This old King James Version verse has encouraged me as I’ve faced the ‘measure up mentality.’

Psa. 62.5 My soul, wait thou only upon God; for my expectation is from Thee. 

In my third book, People Pleasing Pastors: Avoiding the Pitfalls of Approval Motivated Leadership, I deal extensively with how to manage this ‘measure up mentality’ as it relates to the temptation to people please.

How have you handled this ‘measure up mentality?’

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6 Faith Qualities Every Leader should Embody

Hebrews 11, one of the greatest chapters in all the Bible, lists several faith heroes from the past and includes details about their lives that evidence great faith. We often refer to this chapter as the ‘faith’ chapter. It offers leaders profound insight about faith that we must believe and embody to effectively lead. I suggest these 6 faith qualities every leader should embody.

Compass with arrow pointing to the word faith. 3D render image suitable for religion or self confidence concept

6 Faith Qualities Every Leader should Embody.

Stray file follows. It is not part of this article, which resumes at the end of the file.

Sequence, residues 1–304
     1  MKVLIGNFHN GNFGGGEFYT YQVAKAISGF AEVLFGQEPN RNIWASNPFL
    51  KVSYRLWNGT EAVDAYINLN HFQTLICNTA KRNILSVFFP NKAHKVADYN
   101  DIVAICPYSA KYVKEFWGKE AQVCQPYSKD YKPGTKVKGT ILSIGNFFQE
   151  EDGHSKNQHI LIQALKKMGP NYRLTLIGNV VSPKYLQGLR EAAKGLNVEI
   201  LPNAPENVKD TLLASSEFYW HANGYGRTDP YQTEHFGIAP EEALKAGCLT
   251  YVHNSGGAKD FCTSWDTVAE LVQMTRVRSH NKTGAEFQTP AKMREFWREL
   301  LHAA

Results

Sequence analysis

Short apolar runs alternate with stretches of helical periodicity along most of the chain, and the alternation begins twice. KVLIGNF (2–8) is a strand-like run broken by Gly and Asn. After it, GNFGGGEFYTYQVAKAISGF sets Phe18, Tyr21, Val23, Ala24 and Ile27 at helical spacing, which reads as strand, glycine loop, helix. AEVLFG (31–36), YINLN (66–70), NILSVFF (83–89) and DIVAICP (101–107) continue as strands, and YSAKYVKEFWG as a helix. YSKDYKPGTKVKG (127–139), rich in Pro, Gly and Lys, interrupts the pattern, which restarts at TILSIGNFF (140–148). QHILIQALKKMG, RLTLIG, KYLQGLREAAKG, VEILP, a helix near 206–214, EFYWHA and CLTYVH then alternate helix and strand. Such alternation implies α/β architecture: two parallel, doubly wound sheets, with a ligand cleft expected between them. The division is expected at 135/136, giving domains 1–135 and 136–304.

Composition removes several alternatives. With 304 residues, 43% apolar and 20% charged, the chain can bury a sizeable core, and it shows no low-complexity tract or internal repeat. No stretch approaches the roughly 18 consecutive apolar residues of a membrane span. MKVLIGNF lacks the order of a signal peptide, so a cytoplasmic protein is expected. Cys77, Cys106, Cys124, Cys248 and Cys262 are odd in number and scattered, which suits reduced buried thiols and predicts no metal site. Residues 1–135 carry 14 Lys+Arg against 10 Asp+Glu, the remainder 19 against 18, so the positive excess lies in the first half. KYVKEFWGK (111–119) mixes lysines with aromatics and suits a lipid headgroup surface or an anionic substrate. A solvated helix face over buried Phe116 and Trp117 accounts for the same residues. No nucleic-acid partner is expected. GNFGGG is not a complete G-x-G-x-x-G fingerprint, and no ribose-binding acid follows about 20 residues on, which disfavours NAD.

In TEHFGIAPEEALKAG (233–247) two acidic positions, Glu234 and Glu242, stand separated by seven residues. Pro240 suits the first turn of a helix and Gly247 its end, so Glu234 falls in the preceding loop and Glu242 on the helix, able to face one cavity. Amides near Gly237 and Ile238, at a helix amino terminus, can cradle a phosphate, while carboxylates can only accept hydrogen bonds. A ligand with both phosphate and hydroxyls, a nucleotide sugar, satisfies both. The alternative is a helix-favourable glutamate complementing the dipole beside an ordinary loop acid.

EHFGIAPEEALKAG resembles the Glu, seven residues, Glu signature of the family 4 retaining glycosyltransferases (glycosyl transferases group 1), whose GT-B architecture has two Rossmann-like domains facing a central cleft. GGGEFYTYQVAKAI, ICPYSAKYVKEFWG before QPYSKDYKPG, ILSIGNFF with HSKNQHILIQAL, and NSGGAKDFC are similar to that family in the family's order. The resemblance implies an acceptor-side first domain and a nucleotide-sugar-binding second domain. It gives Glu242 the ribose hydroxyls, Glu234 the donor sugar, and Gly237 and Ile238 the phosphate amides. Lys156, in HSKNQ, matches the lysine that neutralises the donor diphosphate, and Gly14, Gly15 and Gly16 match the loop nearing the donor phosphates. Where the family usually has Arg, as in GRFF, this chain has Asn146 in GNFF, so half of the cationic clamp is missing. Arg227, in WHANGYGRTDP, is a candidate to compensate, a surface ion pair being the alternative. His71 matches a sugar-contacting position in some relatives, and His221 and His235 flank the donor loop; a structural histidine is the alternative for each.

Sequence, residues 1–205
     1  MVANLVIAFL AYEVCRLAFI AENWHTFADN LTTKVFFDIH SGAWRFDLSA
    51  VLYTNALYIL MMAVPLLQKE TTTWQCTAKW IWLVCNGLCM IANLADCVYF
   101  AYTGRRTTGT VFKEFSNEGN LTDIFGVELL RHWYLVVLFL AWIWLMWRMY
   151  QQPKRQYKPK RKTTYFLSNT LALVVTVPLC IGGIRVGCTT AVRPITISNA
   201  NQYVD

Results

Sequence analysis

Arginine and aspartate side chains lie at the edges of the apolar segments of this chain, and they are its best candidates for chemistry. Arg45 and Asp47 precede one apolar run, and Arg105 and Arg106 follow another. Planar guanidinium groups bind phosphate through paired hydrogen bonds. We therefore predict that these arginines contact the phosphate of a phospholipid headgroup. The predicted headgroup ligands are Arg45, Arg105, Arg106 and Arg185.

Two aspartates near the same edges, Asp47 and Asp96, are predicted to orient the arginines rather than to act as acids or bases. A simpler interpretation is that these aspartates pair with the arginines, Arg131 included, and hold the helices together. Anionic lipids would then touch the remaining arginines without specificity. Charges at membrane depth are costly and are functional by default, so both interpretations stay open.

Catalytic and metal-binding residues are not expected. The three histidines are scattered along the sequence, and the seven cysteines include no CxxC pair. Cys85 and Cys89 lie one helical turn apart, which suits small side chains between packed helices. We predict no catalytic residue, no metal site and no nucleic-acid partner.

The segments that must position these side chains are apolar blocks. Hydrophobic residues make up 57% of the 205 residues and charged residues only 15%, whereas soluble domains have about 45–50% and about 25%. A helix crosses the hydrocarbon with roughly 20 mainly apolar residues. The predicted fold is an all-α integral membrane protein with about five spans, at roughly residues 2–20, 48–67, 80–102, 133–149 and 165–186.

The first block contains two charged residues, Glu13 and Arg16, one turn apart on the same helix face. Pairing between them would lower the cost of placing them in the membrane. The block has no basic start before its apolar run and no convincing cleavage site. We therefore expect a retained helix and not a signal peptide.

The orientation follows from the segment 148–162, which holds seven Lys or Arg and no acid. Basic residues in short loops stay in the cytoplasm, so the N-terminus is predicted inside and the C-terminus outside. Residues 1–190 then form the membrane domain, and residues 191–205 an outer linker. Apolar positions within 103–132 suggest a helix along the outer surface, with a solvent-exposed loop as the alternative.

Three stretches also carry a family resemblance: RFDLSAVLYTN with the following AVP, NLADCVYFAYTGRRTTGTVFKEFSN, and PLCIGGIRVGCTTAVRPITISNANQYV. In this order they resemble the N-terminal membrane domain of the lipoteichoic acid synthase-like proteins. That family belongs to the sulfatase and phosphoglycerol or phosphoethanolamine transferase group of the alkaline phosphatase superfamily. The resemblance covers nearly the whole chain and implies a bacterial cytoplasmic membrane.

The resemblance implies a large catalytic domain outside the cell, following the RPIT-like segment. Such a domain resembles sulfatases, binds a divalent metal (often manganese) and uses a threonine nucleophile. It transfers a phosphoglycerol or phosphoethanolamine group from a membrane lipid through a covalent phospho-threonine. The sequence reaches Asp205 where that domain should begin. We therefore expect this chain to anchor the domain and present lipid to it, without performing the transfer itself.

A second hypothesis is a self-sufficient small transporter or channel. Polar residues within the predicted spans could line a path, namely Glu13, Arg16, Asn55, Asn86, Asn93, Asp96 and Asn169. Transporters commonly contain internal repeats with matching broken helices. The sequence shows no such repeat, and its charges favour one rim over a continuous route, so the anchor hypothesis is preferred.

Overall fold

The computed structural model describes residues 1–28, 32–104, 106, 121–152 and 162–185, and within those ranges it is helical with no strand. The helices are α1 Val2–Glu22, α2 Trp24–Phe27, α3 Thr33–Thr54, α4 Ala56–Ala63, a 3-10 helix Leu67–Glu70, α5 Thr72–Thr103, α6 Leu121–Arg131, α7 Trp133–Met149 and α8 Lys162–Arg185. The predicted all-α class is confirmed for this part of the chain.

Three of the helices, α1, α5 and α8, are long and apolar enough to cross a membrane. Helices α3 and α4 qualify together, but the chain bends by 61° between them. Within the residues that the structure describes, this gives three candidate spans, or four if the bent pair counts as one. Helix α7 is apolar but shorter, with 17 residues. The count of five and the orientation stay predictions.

1. Faith pleases God.
    • The write of Hebrews begins the chapter by reminding us that  God commended the ancients for their faith (v 2). He emphasizes that idea with, Without faith it is impossible to please God (v 6). If we want our leadership to please God, we must exercise true faith and trust in Him.
  1. Faith does not eliminate uncertainty or discomfort.
    • Verse 7 recounts God’s command to Noah to build an ark. Up to this point Noah had probably never seen rain. Yet, he exercised faith when he built a giant boat on dry land. Verse 8 tells us that God told Abraham to go to a place he had never visited before nor even seen. Yet, he obeyed in faith. Both of these biblical characters faced great uncertainty, yet showed great faith.
    • In fact, when we exercise faith (take a step into uncertainty) we actually may feel a bit fearful or anxious because our brains don’t like uncertainty. When we face uncertainty the fear centers of our brains cause specific hormones to enter our blood stream and certain neurotransmitters to increase in our brain which creates anxiety and even fear. So, a step of faith as a leader may initially cause us emotional discomfort. It’s normal. It’s a biological process we can’t avoid. Feeling such emotions doesn’t necessarily reflect lack of faith.
  1. Faith takes the long view.